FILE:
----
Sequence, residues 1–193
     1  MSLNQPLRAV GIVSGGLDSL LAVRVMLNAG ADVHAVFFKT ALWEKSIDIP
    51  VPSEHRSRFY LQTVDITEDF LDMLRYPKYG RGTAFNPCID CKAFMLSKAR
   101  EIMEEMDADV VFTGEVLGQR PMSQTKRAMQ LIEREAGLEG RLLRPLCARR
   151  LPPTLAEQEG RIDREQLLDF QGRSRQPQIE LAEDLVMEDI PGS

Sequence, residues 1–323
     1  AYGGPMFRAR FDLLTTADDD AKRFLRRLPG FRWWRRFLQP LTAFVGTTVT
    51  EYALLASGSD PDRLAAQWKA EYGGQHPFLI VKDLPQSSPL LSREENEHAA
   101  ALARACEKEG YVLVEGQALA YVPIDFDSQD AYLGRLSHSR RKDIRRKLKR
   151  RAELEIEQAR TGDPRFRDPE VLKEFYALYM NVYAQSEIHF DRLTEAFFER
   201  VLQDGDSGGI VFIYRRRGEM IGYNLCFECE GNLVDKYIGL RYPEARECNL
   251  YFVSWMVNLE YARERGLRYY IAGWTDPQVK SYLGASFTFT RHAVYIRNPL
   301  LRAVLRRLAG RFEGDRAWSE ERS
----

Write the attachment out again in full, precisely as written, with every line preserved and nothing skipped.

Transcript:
Sequence, residues 1–193
     1  MSLNQPLRAV GIVSGGLDSL LAVRVMLNAG ADVHAVFFKT ALWEKSIDIP
    51  VPSEHRSRFY LQTVDITEDF LDMLRYPKYG RGTAFNPCID CKAFMLSKAR
   101  EIMEEMDADV VFTGEVLGQR PMSQTKRAMQ LIEREAGLEG RLLRPLCARR
   151  LPPTLAEQEG RIDREQLLDF QGRSRQPQIE LAEDLVMEDI PGS

Sequence, residues 1–323
     1  AYGGPMFRAR FDLLTTADDD AKRFLRRLPG FRWWRRFLQP LTAFVGTTVT
    51  EYALLASGSD PDRLAAQWKA EYGGQHPFLI VKDLPQSSPL LSREENEHAA
   101  ALARACEKEG YVLVEGQALA YVPIDFDSQD AYLGRLSHSR RKDIRRKLKR
   151  RAELEIEQAR TGDPRFRDPE VLKEFYALYM NVYAQSEIHF DRLTEAFFER
   201  VLQDGDSGGI VFIYRRRGEM IGYNLCFECE GNLVDKYIGL RYPEARECNL
   251  YFVSWMVNLE YARERGLRYY IAGWTDPQVK SYLGASFTFT RHAVYIRNPL
   301  LRAVLRRLAG RFEGDRAWSE ERS